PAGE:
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Soldiers are forced to surrender their spoils of war

©Associated Press
April 12, 2003

BAGHDAD, Iraq -- Since they arrived, U.S. Marines have been doing their own kind of looting: grabbing Iraqi pistols, rifles, uniforms and pictures of Saddam Hussein.

On Friday, they were ordered to dump what they took or lose their rank.

"You did not conquer . . . this country. Get off your high horse," Lt. Col. Michael Belcher told his officers. "You took some thugs and ran them out."

The commander of the 3rd Battalion, 7th Marines, reminded his soldiers that the Iraqi people allowed U.S.-led forces to oust Hussein, so they deserve respect. And that, he said, means no looting.

There will be no "I won this country back. I can take what I can get," Belcher said.

Then he pulled out a pile of confiscated booty: a picture of Hussein with a bull's-eye drawn on it, ammunition magazines and Iraqi uniforms.

Stolen tear gas canisters particularly infuriated Belcher, who worried that a Marine might fire off a canister to disperse unruly crowds in the city.

"It's chemical warfare," Belcher said.

Soon, a group of quiet Marines glumly gathered to toss their booty onto an ever-growing pile.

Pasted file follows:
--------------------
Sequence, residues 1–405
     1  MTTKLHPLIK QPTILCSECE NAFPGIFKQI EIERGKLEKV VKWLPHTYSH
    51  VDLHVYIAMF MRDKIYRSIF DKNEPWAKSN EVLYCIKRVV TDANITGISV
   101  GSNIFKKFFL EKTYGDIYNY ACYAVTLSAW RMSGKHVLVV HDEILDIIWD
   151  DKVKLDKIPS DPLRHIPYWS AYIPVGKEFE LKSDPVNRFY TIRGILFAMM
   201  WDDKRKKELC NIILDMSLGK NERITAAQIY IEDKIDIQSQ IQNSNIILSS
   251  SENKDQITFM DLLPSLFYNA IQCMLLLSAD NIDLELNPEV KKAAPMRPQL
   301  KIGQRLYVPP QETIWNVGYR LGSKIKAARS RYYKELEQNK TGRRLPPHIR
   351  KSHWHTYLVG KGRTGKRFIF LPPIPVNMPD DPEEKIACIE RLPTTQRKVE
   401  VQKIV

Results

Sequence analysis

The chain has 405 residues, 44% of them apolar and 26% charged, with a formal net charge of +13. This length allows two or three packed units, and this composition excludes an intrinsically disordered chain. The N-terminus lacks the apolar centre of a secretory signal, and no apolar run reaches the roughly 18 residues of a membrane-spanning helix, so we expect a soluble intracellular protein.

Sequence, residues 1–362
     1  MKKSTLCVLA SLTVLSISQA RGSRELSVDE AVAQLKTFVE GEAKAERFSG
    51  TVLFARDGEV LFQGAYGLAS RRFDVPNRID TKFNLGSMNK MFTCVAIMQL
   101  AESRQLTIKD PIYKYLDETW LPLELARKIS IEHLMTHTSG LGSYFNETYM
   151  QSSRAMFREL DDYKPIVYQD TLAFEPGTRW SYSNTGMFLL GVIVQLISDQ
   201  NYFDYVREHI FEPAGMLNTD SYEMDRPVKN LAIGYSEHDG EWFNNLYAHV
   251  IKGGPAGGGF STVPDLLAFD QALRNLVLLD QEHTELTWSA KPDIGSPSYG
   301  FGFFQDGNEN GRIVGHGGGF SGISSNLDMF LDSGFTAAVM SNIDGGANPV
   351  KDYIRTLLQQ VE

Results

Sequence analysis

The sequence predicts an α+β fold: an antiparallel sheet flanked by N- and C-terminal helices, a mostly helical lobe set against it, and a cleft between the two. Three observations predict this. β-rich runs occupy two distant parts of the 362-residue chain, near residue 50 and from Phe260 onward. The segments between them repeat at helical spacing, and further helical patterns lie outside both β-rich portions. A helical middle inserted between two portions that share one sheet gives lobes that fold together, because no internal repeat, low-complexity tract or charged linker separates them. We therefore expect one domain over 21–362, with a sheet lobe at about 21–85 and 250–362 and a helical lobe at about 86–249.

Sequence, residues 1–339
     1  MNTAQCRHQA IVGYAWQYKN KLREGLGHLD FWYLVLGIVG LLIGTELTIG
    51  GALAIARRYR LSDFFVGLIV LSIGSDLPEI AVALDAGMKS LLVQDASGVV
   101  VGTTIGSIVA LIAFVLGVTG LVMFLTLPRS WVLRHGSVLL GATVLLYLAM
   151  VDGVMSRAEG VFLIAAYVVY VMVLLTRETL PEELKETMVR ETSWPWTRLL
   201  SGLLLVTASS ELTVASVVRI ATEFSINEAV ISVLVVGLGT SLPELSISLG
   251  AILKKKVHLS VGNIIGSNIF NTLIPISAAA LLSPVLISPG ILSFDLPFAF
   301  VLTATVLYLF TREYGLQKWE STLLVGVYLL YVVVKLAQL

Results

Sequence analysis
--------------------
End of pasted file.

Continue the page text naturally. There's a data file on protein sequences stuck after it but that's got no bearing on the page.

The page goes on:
They threw in Kalashnikov rifles, gas masks and bullets. One Marine dropped an assault vest filled with ammunition clips. Another put in a rocket-propelled grenade round.

Lance Cpl. Randall Taylor, 19, of Texarkana, Texas, came out of his Humvee carrying two Iraqi grenades he had hoped to use before leaving.

"I was gonna throw these," he said, smiling like a shamed child.

Although they had been warned against collecting war souvenirs, some Marines had been rapidly collecting huge caches.

At first they took small things: knives, perhaps a pistol or two. But as they stumbled upon large armories filled with nearly every type of weapon in Iraq's arsenal, they became more brazen, taking rifles and rocket-propelled grenade launchers.

Some Marines still plotted to smuggle home smaller things: a pistol, Iraqi military patches ripped from uniforms, small pictures of Hussein.

But Cpl. Jesse Schutz, 21, of Omaha, Neb., happily surrendered two Kalashnikov rifles and swords a few days ago so they could be run over by a tank and destroyed.

"It just isn't worth it," he said. "I can go back to Wal-Mart to buy a gun instead of stealing it from a country."

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